Tuesday October 4, 2011 | 5 comments
Because we have been around now for a few years, do our share of Tweeting and Facebooking and other social media, and are extremely easy to find when you Google for loose-leaf tea in California, we are getting more and more requests from importers, distributors, and growers to try their teas. Even customers sometimes give us leads to real gems. One of the things I love about being in the specialty tea business is that ever-present carrot that hangs in front of us, the reward of finding that treasure, that needle in the haystack.
Over the years, we have found that we just cannot get everything we are looking for from even the creme de la creme of companies. Finding the diamonds requires diligent searching and may come from the most unlikely of sources. We spend part of almost every week tasting tea and herbal samples that we either request or are sent to us. To date, we bring in house only about 10% of everything we cup, on average. Here are a few finds we have recently added:
“The Delicious Mutt” – This is a black tea with no particular pedigree, blended with essential orange oil, cinnamon, and orange rind. Blended fresh for us every time we order, it has a natural sweetness that requires no additions and blows out of the huge glass jar right by our POS every single time we refill it. In fact, customers have taken to hoarding it when they see the contents of the jar drop below the halfway mark.
Milk Oolong #2 – Milk Oolong #1 was a find from about a year ago belonging to a very small importer we found. We have cupped many milk oolongs, but this one exuded a buttery richness and the infusion delivered the creamiest mouthfeel we had experienced. Because of circumstances within their company, they were not able to send tea to us for months, so we began a search for a substitute. None was found. Then, one happy day, we were cupping samples from an importer new to us and found a tea that was not called a milk oolong by them and … POW! The lights came on and the music started. I called and asked and, of course, it was a milk oolong. It had to be – the same buttery aroma, the same creaminess, and not quite as heavy as the first. It’s behind our counter now and selling quickly.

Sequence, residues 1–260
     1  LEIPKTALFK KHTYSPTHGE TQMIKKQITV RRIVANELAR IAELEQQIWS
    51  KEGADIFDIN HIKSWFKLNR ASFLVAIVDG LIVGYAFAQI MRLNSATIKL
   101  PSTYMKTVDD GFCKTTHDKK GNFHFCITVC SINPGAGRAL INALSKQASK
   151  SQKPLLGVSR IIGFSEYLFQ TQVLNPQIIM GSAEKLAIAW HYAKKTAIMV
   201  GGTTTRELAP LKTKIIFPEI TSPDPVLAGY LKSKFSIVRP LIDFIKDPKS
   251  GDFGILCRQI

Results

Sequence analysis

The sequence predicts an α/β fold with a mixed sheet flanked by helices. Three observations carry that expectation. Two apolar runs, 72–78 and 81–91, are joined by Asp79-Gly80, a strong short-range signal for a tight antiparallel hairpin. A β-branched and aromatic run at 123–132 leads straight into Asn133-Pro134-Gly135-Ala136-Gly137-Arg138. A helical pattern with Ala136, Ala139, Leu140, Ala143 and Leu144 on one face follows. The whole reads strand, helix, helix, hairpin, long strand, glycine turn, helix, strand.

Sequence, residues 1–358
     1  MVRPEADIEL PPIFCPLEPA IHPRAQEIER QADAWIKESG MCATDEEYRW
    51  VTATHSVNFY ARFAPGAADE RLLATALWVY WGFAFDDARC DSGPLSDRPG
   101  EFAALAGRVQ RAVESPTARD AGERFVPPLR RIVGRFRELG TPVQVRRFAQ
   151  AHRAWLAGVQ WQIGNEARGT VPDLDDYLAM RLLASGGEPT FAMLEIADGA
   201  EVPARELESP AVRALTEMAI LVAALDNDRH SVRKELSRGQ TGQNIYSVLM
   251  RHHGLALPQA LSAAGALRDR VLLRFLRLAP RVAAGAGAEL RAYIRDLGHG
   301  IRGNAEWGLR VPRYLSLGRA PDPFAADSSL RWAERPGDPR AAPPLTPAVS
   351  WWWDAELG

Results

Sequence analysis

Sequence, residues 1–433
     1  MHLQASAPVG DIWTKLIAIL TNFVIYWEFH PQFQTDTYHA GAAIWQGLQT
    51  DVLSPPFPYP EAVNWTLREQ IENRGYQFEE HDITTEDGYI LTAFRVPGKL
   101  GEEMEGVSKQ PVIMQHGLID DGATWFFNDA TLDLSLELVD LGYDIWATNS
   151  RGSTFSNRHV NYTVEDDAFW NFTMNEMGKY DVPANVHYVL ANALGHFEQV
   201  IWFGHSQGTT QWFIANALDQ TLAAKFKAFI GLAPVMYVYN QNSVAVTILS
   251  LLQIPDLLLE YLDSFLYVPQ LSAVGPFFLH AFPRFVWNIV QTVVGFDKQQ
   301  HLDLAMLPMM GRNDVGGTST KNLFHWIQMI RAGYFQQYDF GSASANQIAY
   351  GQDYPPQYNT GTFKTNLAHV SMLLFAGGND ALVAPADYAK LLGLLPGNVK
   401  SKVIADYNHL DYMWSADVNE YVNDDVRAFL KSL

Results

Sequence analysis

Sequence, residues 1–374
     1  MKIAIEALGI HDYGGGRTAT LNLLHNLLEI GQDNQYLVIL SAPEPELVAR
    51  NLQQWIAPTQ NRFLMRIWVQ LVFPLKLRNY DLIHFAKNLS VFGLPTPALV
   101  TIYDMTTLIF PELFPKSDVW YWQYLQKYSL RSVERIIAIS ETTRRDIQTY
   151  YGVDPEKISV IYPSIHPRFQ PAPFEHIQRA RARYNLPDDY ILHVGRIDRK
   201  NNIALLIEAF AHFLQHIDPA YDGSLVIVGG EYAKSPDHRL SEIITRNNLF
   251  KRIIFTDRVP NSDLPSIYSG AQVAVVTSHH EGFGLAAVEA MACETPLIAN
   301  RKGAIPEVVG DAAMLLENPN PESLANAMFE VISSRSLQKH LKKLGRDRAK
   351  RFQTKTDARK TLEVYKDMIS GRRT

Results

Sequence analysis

Vanilla Citrus Mint Rooibos – Same importer / blender as above. The least earthy-tasting rooibos we’ve ever found, and such a well-balanced blend that you get hints of all the ingredients, but just enough to give it its name. By the way, we name our teas and herbals exactly how they taste to us, rather than give them dramatic or cute names.
Plum Oolong – This exquisite tea is one a customer brought to us from her own adventures in the world of tea. She had another tea find as well, but only the plum oolong caught our attention. The aroma is intoxicating, but it is much more subtle when infused. One of the few oolongs I believe can be iced with good results.
On my back counter is a pile of teas we never even got to this week – some 2011 second-flush Darjeelings and Assams from the Lochans (thanks, Vivek!) and about four senchas from one of my favorite sources. Hopefully, we will get to them sometime this week. I did give tiny samples from three of them to customers who have amazing palates and asked them for their input. We have a very active interface with our customers and can learn from them. We want to sell what they enjoy.
Isn’t the tea business wonderful? What gems are you looking for? They’re out there. We’re on a quest for the best.